Oh Goody, “Fresh Ideas” in Urban Transportation

Techies commuting in San Francisco sometimes have to wait for one or two stuffed buses to pass before boarding one with room to carry them from Marina or Mission downtown. This obviously takes away from time they could be devoting to disrupting things, which is obviously terrible.

My old-economy, twentieth-century brain is thinking that buying more buses, hiring more drivers, and expanding the SF Muni system to make more seats on more buses for everyone would be the way to go to resolve this problem.

How wrong I am! The answer, as always, is a private startup!

These buses are going to have fancy coffee and WiFi, and they’ll go where the people who can pay $6 per ride want to go, instead of stopping at other places along the way where “the public” might try to get on board.

Don’t worry, this isn’t creating a price-based filter to keep poor people out while shunting the wealthy into a private and more desirable alternative. It’s “reimagining” transportation!

“Urban transportation is an area of extreme impact that still desperately needs fresh ideas,” said Banister, previously a co-founder of IronPort and an early adviser and board member at PayPal. “As a private player, Leap has the flexibility to reimagine mass transit, creating new ways to get people where they need to go while also enjoying the journey.”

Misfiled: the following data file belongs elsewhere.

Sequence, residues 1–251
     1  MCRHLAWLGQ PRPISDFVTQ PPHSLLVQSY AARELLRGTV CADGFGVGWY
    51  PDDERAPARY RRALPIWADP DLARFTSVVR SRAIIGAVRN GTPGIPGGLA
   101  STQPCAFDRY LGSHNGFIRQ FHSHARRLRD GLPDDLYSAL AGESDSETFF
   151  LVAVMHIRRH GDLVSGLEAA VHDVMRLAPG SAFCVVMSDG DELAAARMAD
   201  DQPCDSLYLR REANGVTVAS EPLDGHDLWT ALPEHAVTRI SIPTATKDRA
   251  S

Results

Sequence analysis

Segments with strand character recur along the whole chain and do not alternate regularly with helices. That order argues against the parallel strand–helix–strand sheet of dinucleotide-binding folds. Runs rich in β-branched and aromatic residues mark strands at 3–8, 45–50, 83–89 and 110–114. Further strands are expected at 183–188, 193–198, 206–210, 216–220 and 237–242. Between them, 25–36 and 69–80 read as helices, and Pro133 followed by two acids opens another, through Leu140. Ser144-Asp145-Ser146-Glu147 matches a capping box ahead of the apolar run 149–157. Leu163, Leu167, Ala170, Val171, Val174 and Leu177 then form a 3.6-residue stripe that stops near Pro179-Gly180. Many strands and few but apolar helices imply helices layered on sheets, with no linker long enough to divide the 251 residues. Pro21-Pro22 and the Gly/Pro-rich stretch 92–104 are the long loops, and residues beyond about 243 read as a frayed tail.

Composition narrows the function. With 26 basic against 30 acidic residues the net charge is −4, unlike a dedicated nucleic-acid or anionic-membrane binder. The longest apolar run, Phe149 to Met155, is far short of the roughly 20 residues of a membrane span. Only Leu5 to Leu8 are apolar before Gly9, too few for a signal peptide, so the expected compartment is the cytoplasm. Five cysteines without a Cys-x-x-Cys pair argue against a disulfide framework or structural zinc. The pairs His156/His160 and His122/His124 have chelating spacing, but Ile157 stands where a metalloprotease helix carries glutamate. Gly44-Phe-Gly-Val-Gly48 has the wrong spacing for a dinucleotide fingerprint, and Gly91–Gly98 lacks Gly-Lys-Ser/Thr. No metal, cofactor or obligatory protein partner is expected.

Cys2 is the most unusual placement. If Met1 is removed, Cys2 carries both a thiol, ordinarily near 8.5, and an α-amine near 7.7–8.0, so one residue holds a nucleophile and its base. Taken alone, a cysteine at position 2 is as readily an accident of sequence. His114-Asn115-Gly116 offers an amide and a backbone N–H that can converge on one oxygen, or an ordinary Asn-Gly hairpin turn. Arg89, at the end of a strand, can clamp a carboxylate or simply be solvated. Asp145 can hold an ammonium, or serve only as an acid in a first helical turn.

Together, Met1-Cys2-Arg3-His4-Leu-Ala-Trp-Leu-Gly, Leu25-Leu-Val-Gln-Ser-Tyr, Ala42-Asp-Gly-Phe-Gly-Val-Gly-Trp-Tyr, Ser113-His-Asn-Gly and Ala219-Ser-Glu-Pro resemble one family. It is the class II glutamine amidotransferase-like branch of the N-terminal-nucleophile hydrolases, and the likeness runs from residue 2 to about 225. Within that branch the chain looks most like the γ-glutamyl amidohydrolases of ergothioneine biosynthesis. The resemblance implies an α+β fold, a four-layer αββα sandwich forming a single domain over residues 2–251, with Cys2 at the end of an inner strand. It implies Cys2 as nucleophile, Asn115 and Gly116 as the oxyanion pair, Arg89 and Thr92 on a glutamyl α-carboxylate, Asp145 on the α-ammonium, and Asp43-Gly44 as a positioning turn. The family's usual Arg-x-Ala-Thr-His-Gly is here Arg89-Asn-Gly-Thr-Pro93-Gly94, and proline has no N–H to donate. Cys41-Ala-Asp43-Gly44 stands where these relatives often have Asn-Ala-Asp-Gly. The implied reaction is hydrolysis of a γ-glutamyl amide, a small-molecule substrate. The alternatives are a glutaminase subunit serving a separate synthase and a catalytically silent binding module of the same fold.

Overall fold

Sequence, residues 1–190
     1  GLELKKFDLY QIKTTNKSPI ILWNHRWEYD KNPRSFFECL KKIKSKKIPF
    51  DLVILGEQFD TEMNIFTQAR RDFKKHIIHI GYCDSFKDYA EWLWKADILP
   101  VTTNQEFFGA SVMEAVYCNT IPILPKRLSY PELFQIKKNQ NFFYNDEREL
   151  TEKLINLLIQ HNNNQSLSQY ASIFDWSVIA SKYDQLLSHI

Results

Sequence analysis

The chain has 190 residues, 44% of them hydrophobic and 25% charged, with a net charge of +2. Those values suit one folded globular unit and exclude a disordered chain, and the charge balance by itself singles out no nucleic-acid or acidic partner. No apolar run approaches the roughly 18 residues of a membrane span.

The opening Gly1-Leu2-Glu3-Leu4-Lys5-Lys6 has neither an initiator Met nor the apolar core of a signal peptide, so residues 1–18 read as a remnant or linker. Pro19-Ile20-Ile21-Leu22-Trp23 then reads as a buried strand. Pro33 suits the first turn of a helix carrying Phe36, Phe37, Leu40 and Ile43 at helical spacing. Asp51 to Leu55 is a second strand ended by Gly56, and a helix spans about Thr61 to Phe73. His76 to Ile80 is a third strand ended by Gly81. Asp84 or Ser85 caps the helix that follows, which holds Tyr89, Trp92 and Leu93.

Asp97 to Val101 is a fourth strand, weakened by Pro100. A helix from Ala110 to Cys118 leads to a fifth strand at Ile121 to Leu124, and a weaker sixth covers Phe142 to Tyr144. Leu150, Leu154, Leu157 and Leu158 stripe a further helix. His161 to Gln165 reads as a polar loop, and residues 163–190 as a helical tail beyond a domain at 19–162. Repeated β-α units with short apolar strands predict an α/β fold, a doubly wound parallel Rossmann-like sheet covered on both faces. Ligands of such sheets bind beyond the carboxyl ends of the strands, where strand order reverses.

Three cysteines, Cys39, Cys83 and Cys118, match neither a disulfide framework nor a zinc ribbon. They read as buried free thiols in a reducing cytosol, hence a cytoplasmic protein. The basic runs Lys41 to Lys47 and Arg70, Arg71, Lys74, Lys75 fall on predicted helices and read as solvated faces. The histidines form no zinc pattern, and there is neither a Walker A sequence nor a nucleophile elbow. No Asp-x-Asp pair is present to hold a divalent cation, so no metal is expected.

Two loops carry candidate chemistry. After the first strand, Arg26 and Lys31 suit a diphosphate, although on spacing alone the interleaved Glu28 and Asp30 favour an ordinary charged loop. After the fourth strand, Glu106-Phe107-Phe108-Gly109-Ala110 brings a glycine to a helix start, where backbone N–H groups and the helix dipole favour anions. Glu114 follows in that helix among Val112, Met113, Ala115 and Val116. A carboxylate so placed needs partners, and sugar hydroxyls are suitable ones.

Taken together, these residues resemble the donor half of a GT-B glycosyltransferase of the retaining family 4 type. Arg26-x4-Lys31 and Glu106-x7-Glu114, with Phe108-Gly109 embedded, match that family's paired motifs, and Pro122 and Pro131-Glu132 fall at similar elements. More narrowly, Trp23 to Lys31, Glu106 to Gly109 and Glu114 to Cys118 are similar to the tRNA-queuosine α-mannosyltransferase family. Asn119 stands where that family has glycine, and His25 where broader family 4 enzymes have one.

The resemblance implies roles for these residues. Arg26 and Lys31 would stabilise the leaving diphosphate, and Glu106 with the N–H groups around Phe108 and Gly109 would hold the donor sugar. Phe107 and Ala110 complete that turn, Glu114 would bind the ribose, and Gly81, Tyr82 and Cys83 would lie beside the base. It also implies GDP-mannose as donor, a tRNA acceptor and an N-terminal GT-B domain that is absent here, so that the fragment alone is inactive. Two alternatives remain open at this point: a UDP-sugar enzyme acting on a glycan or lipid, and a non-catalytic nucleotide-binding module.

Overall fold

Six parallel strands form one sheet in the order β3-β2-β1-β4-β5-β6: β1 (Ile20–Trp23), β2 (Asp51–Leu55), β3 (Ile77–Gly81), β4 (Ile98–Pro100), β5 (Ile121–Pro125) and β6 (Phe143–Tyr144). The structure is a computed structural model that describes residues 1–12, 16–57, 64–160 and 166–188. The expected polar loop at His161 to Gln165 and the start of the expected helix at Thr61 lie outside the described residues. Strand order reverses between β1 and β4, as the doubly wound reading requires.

Truly, a new idea that no one’s thought of before.

Cartoon John T. McCutcheon, 1905

Cartoon John T. McCutcheon, 1905

The history of public transportation has always been intertwined with conflicts that have arisen from sharing urban space across the social boundaries created by class inequality and institutionalized racism. Who gets to “enjoy the journey” has been a fraught question. Robin Kelley’s work in Race Rebels offered an innovative and influential look at transit in the Jim Crow south as a theater for acts of aggression and resistance that replicated the Jim Crow system in microcosm and allowed Black southerners the opportunity to resist it in small ways that became a large and transformative social movement. As Kelley writes,